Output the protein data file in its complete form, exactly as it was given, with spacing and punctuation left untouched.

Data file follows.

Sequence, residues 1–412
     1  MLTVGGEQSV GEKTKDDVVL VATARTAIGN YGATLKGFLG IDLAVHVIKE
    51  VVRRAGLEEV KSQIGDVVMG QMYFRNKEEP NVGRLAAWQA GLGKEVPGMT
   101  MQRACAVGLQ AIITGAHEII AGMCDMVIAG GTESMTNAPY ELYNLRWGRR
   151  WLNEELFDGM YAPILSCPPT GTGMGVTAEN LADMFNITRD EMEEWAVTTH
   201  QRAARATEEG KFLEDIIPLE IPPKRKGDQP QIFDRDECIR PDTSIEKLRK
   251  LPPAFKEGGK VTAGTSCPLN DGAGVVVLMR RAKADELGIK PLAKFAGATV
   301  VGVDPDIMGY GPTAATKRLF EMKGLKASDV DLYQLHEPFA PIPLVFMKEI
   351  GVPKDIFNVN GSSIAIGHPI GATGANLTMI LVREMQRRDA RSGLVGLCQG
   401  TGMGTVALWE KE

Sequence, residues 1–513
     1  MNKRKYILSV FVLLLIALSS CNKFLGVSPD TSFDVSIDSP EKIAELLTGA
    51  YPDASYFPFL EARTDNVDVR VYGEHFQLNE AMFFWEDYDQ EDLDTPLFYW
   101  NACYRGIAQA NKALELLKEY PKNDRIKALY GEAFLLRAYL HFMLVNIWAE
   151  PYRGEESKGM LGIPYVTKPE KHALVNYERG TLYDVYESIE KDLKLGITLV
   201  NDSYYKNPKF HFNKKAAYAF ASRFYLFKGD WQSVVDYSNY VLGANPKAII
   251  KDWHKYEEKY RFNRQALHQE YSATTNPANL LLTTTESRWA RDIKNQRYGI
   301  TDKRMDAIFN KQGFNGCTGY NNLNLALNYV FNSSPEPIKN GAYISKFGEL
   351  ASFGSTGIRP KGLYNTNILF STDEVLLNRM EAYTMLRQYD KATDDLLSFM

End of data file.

Sequence, residues 1–412
     1  MLTVGGEQSV GEKTKDDVVL VATARTAIGN YGATLKGFLG IDLAVHVIKE
    51  VVRRAGLEEV KSQIGDVVMG QMYFRNKEEP NVGRLAAWQA GLGKEVPGMT
   101  MQRACAVGLQ AIITGAHEII AGMCDMVIAG GTESMTNAPY ELYNLRWGRR
   151  WLNEELFDGM YAPILSCPPT GTGMGVTAEN LADMFNITRD EMEEWAVTTH
   201  QRAARATEEG KFLEDIIPLE IPPKRKGDQP QIFDRDECIR PDTSIEKLRK
   251  LPPAFKEGGK VTAGTSCPLN DGAGVVVLMR RAKADELGIK PLAKFAGATV
   301  VGVDPDIMGY GPTAATKRLF EMKGLKASDV DLYQLHEPFA PIPLVFMKEI
   351  GVPKDIFNVN GSSIAIGHPI GATGANLTMI LVREMQRRDA RSGLVGLCQG
   401  TGMGTVALWE KE

Sequence, residues 1–513
     1  MNKRKYILSV FVLLLIALSS CNKFLGVSPD TSFDVSIDSP EKIAELLTGA
    51  YPDASYFPFL EARTDNVDVR VYGEHFQLNE AMFFWEDYDQ EDLDTPLFYW
   101  NACYRGIAQA NKALELLKEY PKNDRIKALY GEAFLLRAYL HFMLVNIWAE
   151  PYRGEESKGM LGIPYVTKPE KHALVNYERG TLYDVYESIE KDLKLGITLV
   201  NDSYYKNPKF HFNKKAAYAF ASRFYLFKGD WQSVVDYSNY VLGANPKAII
   251  KDWHKYEEKY RFNRQALHQE YSATTNPANL LLTTTESRWA RDIKNQRYGI
   301  TDKRMDAIFN KQGFNGCTGY NNLNLALNYV FNSSPEPIKN GAYISKFGEL
   351  ASFGSTGIRP KGLYNTNILF STDEVLLNRM EAYTMLRQYD KATDDLLSFM